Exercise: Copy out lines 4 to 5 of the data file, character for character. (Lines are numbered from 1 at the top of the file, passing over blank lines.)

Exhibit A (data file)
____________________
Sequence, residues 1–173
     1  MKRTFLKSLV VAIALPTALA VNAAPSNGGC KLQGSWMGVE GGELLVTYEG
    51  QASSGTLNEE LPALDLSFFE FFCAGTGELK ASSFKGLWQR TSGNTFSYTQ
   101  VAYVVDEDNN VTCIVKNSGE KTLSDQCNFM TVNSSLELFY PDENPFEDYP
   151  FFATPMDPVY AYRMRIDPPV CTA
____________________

   101  VAYVVDEDNN VTCIVKNSGE KTLSDQCNFM TVNSSLELFY PDENPFEDYP
   151  FFATPMDPVY AYRMRIDPPV CTA